Now that any and every modicum of privacy on the Internet seems to have vanished, we might as well start spying on ourselves, right? So if you want to get a leg up on the NSA, a new project from MIT's Media lab will help get you started.
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Developed by Cesar Hidalgo, Daniel Smilknov and Deepak Jagdish, Immersion is a new online platform that asks permission to access your Gmail account. Once you voluntarily submit your address and password, every email in your account is scanned and metadata is collected to create a portrait of your network. What evolves is a map of interconnected lines and color-coded circles of various size that show how closely related your 100 most-contacted people are in your mailbox.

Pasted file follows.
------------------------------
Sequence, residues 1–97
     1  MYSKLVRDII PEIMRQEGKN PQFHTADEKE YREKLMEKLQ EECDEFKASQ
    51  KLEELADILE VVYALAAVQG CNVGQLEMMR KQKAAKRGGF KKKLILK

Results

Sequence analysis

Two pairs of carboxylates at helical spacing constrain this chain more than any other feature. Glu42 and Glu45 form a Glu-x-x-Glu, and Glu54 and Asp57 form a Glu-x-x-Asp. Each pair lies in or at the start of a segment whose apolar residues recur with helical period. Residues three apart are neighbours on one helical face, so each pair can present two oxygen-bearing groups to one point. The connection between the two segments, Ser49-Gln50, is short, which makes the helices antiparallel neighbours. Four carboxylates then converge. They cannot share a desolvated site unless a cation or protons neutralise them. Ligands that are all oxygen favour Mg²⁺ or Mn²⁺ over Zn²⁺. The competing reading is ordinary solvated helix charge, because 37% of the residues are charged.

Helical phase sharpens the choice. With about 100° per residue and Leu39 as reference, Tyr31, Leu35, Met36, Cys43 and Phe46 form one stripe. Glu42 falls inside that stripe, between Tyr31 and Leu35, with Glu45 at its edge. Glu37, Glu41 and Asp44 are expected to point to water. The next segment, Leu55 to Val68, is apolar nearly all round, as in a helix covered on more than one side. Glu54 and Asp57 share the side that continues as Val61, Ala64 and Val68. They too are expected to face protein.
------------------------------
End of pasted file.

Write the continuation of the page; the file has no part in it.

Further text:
The project does not access the subject or body of emails, only the From, To, Cc and Timestamp fields. And don't worry, it has a kill switch. Upon logging out of Immersion, users are given a choice to save or delete data.
But why would anyone willingly submit to this invasion of privacy? According to Immersion's website, there are four answers.